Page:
How to stay warm while keeping the thermostat low
MINNEAPOLIS/ST. PAUL (11/01/2023) — Dressing for winter means more than a high quality coat and solid snow boots. A bit of extra consideration for your inside winter wardrobe can make a lower thermostat setting tolerable and even comfortable — resulting in your family saving money and energy.
Missy Bye, a professor in the College of Design at the University of Minnesota, provides expert advice on clothing selections to keep you warm inside this winter.
Missy Bye, Ph.D.
“Keeping your thermostat low not only helps the environment by saving energy — it also saves money and is better for your skin!
In order to stay warm with a lower thermostat, focus on layers of clothing — tops and bottoms — that will trap air to keep you warm. Layers can be adjusted depending on your activity level.
Keeping your head and wrists covered will go a long way to retain body heat as will clothing with closed necklines. Vests — indoor or outdoor — can make great layers without adding bulk. Warm socks or two layers of socks with indoor shoes or slippers will help keep your feet warm.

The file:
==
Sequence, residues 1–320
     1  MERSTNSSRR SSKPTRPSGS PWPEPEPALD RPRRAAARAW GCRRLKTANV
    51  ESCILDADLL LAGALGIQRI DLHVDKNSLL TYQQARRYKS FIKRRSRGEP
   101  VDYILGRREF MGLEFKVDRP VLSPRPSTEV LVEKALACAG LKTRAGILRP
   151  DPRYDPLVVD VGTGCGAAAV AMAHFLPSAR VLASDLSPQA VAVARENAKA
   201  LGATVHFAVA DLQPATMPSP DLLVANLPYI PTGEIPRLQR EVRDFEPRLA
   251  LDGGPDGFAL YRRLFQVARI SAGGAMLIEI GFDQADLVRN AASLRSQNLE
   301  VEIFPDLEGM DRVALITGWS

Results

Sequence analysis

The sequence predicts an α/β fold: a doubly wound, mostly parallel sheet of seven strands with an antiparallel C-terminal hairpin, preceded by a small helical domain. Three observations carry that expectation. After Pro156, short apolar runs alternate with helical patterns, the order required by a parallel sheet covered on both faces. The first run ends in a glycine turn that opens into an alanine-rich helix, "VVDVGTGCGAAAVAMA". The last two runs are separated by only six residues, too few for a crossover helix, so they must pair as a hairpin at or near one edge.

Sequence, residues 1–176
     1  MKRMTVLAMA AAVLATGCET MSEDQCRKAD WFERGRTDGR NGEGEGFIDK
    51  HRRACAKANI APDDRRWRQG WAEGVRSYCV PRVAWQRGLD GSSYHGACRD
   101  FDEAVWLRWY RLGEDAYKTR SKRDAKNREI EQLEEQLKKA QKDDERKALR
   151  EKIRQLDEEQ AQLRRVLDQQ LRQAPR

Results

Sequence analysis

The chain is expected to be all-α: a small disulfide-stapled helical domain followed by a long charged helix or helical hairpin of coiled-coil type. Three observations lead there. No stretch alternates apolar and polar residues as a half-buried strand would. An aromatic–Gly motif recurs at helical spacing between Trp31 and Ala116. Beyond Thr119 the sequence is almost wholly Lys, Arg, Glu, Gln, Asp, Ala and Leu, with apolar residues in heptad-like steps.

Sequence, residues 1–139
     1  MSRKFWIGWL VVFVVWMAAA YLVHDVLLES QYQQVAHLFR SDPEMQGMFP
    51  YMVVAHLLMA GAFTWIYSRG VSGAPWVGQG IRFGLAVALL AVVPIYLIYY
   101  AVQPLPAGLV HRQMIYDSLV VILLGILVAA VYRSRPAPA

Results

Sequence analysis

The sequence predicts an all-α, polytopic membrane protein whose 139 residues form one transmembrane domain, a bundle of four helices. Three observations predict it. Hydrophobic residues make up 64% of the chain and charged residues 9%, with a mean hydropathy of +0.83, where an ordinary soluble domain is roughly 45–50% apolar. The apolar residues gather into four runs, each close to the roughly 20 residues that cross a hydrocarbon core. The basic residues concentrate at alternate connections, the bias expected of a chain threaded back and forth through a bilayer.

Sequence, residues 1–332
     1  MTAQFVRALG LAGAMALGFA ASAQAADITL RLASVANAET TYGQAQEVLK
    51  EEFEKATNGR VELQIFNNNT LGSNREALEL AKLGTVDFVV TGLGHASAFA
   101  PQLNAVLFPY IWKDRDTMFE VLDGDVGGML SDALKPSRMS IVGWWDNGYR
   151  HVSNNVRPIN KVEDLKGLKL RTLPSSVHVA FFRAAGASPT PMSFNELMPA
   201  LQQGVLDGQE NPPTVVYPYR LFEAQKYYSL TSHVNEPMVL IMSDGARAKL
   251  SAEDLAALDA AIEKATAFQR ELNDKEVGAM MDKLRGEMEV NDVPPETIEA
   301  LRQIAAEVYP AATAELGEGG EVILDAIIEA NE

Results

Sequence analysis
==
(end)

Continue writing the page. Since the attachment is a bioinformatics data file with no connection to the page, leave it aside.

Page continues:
Pick materials with wool or wool blends, which can naturally trap air. A base layer that wicks away moisture — usually olefin or polyester — will prevent you from getting chilled when your activity level changes.”
Missy Bye is a professor in the College of Design. Her areas of expertise include apparel technology including sizing and fit of wearable products, human factors in the design of wearable products, and the relationship between design, manufacturing and sustainability.
About the College of Design
Located in a major design city and in one of the largest research universities in the U.S., the University of Minnesota's College of Design encompasses a full range of design disciplines — including landscape architecture, architecture, retail merchandising, and the design of interiors, graphics, apparel, and other products. Faculty, students, and staff aim to advance the quality of manufactured objects and our natural, built, and social environments through sustainably resilient, socially responsible, civically engaged, and human-centered design collaborations. Learn more at design.umn.edu.
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